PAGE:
my kind of vegetable. i get my okra from a farmer's market and fresh ones. too bad it gets over too fast. it was fun reading people digging for crisp ones:)):))

this recipe looks yum and i know i can have it all.

Nabeela said...

I know...I don't understand the people here either hating okra....it's a delicious vegetable!

Priya Bhaskaran said...

Shaheen, it took me 2 years to know why people were snapping off the ends-I realized when I picked all those hard ones and found those were not good to cook- so these days I am one among those people-lol, okra has always been a comfortable veggie at my home--just love okras

indosungod said...

Shaheen if you cook okra like that, does not matter if summer knocks on your door or not I am there and please please can I have them with those amazing aapams you make. I know the combination is kind of weird but I have to utilize the visit to the fullest.

Sandeepa said...

Looks delicious Shaheen. I love okras and even the simple Bhindi Bhaji with a hint of lime juice is best for me.

Anonymous said...

hi...

i have tried lot of recipes from ur blog..recenlty tried was fish cutlets...and i must say u have a wonderful blog....cheers to u....

thanks...

rash

Mandira said...

Bhindi fry looks delicious Shaheen. Somehow, I always associate bhindi with summer... and it's sunny here too. Maybe I need a trip to the grocery store for some bhindi :)

TRS said...

hahah...you're so right about that..but I too, am guilty of the snap and bend routine.

Crispy Okra is so good with some aamraas and puris,my fav meal.

trupti

Maneka Nirmal said...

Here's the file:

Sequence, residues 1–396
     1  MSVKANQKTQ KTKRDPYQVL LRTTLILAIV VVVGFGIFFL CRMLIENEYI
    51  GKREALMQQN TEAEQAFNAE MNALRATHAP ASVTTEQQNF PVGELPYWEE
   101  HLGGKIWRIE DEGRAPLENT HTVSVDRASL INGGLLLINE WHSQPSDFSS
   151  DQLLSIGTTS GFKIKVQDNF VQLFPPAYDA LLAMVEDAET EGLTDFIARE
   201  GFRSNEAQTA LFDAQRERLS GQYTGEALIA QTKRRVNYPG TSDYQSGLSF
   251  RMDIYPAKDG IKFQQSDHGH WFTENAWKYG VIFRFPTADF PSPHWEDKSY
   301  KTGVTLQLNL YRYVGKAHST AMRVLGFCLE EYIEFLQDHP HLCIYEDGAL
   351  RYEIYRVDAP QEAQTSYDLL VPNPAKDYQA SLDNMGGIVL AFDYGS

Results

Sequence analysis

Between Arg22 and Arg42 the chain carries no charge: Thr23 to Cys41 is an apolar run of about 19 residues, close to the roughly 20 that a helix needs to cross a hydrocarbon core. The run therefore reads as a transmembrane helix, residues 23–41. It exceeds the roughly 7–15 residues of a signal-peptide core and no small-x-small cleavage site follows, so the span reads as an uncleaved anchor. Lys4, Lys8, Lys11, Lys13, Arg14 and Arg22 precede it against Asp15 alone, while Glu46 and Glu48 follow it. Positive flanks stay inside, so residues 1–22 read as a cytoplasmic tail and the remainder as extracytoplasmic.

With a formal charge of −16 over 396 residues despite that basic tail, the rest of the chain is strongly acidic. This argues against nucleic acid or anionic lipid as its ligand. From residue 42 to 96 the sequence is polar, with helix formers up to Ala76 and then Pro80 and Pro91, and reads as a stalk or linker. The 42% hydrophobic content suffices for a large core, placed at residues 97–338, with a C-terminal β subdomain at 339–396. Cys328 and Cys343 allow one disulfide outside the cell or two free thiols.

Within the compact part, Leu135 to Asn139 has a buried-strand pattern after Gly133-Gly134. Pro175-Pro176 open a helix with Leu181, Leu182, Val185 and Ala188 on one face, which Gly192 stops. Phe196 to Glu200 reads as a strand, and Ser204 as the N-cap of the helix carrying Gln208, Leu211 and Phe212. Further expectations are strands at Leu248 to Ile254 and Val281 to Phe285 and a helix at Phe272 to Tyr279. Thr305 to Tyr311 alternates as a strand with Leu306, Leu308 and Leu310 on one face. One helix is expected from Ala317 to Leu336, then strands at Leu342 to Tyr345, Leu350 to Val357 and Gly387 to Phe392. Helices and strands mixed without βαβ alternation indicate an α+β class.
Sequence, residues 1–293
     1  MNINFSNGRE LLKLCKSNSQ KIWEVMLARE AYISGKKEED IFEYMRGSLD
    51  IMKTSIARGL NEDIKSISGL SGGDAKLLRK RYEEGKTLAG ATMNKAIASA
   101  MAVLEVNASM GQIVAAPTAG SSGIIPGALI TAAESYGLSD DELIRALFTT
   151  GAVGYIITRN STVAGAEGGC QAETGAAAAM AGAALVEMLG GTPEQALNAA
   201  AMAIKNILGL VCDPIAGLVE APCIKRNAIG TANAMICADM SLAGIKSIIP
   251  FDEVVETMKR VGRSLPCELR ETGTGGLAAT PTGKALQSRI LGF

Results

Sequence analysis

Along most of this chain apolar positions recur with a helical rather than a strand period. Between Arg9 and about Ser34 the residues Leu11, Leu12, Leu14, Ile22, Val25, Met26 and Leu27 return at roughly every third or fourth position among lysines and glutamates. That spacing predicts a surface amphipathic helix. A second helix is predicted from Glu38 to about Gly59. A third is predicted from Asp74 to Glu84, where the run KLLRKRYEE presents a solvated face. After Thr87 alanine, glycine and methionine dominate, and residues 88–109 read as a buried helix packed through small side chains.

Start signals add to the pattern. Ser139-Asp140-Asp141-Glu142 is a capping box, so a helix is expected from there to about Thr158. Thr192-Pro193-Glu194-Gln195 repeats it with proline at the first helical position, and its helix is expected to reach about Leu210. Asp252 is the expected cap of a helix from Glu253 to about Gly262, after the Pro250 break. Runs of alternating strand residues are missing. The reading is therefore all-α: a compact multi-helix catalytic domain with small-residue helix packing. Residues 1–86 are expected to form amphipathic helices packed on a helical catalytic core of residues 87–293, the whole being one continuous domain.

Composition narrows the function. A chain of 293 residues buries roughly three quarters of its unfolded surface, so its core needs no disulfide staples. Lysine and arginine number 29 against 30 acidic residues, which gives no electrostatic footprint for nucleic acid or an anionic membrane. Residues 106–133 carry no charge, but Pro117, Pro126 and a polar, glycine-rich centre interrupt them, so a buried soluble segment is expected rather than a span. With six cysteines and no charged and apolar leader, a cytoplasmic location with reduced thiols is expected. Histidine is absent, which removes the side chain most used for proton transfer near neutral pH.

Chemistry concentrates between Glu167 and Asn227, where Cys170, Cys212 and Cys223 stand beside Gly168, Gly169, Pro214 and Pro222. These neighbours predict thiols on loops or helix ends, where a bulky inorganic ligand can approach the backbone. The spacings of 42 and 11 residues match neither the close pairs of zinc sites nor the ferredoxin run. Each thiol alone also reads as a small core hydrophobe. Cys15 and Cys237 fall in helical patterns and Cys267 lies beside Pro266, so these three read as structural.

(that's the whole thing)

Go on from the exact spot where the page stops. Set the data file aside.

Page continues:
looks so crispy and not sticky atall..nicely done shaheen...

Anonymous said...

Okra is one veg i buy from local night markerts here. and do u know why? for some reason , all non indians here, go for the big fat hard ones.(always wonderd what they do with it), so smart me just take all the discarded ones :)
ki

Shivapriya said...

Give me bhendi i'm ready to eat:D.
Love the receipe. Nice pic.

seena said...

What to say Shaheen, recipe, photo everything nice!

Gattina said...

My first taste of okra was when I lived in Singapore, immediately on hooked! Back then (... actually until before I read this post), I didn't know how to choose and how to cook, my dish turned awful! I'm gonna pin up this post of yours! Can't wait to try!!!

Mallugirl said...

Asha, the simple recipes are the best..great value for time.

Bharathy, twinkle twinkle little star, u are soon going to shining bright.:)

Anita, yeah, Very northie today.After I posted this, can u believe it is sunny here.. so it worked...

Reena, o ahead , have it all. yeah, it does get over fast.

Nabeela, how are u? how is studies? enjoying the warm weather i guess.

Priya,I always watched my mom but still i started cooking, never understood it.

Indo, cmon over, we will have a bean fest too.:)

Sandeepa, .me too, me too.

rash, thanks a lot.

sunita said...

Shaheen, I love okra...usually we have the fried version with plain rice and dal, a squeeze of lemon, and its heaven...

Biby Cletus said...

Nice post, its a really cool blog that you have here, keep up the good work, will be back.

Warm Regards

Biby Cletus - Blog

bee said...

that's so true and funny, the okra competition. and desis in the u.s. snap them too. it drives me nuts.

Prema Sundar said...

Simple and neat recipe Shaheen.

Anonymous said...

I tried this recipe last weekend and it was very good..... thanks Shaheen.

Rg.

KitchenFairy said...

Looks delicious!! I love Okra in any form..This is totally new type of preparation for me.Thanks for sharing dear.

Dilip said...

great...you have okra just as i like it...lovely recipe...thanks for sharing

Mishmash ! said...

Tried and Liked this one too :)
Liked everything about it except for the oil, but it wont taste good without oil too.

Anyway, I blame you for making me eat extra rice today with sambar and couldnt even move myself for sometime :))

Shn

Mallugirl said...

mishmash, hi hi! enjoy and eat well once in a while.:)